cross-posted from: https://discuss.tchncs.de/post/3451843

anybody have tips or tricks?

I’m specifically interested in estimating hours of labor to do a given skilled task … I’m one of those “time isn’t real” people, have definite time blindness and the like.

personally I think I’m just gonna have to sit down and develop some kind of formula out of BS and guesswork, and then use it every time I need to estimate for a proposal, track its performance and amend it as necessary.

this post brought to you by the project where I am going over budget despite multiplying my initial estimate x3 (and having that accepted).

  • Chickenstalker@lemmy.world
    link
    fedilink
    arrow-up
    3
    ·
    10 months ago

    Look up the median monthly pay for a salaried position that does the same job. Then divide by 22 days and then how many working hours per day mandated in your country. That is the cost per hour.

    To quote for a project, you must factor in materials cost, travel, food, accomodation, petrol, parking, mileage, etc etc in addition to the labor charge. And then you multiply by the % profit margin. All of these varies greatly depending on your local market prices. This means you have to do some market surveys a.k.a. buttering possible clients and asking them what they paid for similar services.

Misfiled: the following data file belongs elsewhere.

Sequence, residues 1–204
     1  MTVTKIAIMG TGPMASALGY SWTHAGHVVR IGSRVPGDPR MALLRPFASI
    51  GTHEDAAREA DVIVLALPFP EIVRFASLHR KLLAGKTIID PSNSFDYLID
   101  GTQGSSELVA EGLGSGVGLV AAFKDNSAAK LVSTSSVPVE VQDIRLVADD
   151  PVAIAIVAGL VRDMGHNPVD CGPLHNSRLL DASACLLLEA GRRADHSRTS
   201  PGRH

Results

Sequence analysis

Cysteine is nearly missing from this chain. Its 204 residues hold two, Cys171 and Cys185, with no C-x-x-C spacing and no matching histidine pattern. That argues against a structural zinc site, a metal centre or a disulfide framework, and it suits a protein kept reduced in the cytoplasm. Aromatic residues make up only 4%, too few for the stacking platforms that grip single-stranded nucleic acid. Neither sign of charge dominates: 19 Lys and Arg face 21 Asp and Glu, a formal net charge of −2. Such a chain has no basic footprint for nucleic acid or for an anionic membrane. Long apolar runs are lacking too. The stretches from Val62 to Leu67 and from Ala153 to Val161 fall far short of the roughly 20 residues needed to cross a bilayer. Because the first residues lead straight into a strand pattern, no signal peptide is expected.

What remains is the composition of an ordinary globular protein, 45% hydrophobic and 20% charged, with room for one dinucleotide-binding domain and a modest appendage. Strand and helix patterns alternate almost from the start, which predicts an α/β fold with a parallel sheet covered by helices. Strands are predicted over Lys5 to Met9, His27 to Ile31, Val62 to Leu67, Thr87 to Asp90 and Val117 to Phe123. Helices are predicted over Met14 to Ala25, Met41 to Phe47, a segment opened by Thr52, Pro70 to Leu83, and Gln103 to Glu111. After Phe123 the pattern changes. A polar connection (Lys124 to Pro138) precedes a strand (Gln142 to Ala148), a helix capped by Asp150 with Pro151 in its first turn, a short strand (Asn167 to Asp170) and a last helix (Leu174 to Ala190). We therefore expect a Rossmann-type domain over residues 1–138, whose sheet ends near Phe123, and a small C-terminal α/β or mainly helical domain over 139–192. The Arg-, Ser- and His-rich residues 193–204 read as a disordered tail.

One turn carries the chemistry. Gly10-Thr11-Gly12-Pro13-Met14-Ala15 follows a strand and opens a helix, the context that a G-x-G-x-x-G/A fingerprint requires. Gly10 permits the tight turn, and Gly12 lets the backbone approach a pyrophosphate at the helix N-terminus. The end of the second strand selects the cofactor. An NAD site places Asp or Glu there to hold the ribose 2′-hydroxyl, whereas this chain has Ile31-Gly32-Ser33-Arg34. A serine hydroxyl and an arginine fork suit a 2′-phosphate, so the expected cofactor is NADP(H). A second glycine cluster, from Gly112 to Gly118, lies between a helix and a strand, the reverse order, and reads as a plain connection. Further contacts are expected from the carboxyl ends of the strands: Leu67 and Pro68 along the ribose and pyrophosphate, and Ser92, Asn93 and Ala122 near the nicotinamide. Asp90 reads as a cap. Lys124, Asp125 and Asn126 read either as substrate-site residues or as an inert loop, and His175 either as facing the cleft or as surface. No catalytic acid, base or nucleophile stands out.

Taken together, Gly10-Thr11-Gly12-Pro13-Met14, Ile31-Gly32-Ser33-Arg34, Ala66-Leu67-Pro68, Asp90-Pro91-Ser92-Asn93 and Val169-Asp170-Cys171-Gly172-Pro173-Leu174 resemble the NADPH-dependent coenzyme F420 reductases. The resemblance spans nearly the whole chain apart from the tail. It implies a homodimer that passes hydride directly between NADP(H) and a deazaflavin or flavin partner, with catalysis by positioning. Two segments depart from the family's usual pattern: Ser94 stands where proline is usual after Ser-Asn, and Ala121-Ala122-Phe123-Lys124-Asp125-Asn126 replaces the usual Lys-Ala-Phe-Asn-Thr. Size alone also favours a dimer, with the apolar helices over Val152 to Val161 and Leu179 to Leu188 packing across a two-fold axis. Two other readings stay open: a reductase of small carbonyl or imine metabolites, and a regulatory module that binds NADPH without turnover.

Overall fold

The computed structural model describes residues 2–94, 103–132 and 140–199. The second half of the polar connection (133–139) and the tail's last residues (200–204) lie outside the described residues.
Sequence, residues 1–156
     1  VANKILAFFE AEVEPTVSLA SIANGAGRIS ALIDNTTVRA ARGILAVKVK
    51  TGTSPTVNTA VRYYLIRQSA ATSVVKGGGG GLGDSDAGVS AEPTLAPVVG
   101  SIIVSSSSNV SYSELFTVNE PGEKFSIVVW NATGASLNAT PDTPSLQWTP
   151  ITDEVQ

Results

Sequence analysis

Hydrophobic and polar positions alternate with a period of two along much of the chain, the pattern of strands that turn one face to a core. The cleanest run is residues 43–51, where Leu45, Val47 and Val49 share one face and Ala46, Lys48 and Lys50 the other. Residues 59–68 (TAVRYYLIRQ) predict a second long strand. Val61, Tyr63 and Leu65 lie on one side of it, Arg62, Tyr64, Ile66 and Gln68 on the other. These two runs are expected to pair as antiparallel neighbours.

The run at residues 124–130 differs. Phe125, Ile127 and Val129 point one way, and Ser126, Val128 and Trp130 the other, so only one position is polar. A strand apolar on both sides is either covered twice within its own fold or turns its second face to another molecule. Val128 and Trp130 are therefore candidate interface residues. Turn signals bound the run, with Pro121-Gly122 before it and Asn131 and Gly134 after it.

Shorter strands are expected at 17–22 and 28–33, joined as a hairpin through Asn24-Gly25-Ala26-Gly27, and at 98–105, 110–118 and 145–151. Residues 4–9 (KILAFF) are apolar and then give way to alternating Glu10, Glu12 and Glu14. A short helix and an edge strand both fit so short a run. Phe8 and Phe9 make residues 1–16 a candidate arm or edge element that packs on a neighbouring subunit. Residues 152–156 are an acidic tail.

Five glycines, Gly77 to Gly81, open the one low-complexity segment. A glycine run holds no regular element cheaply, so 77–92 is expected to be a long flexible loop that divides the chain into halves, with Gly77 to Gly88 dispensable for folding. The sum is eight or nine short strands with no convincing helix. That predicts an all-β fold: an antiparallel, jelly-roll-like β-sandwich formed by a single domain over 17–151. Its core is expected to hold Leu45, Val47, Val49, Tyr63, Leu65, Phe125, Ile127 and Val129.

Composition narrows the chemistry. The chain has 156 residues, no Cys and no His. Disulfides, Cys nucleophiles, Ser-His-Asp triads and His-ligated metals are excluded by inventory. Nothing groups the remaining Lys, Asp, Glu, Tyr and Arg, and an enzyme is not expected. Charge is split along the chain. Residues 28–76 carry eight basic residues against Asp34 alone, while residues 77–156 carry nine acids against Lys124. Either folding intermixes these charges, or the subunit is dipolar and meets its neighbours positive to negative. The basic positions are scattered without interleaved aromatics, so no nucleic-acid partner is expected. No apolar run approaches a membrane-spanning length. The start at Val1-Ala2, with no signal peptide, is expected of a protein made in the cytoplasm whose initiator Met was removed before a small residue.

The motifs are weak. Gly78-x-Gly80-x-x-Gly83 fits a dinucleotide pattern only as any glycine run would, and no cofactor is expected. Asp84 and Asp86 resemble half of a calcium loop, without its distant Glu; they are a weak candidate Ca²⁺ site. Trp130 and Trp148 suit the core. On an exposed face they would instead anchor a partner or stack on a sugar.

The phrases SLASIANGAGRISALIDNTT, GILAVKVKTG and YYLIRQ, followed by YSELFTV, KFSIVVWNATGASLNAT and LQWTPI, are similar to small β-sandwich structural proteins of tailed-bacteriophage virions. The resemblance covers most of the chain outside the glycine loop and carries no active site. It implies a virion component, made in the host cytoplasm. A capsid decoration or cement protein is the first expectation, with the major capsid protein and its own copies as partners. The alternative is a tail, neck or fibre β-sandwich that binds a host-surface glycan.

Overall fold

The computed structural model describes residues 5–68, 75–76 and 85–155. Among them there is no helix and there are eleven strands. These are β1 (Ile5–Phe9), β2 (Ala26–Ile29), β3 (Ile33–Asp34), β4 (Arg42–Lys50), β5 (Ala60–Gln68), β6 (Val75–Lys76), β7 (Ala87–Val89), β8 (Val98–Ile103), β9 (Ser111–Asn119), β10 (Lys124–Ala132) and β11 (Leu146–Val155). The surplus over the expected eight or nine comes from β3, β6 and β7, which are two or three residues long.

If you’re a newcomer, put in a bid that is only slightly below the market price. DO NOT put in a very low bid as it wil actually turn away potential clients since they are wary of your work quality or if it got accepted, you won’t make a profit. It sucks but you will need to take several projects before you get a feel for pricing.

    BUT, freelancers or ahem, CONSULTANTS are the modern day soothsayers and mendicants of babby CEOs. We get paid a lot more to say and do the same things that in house staff have been desperately trying to get approval for, without having to deal being a wageslave. Use this knowledge shrewdly to jack up your price once you have gained around 5 years of experience.

    P.s. register for a LLC or equivalent for your freelance business. It gives you an aura of credibility and simplifies your taxes while somewhat shielding you personally from lawsuits and bankruptcy.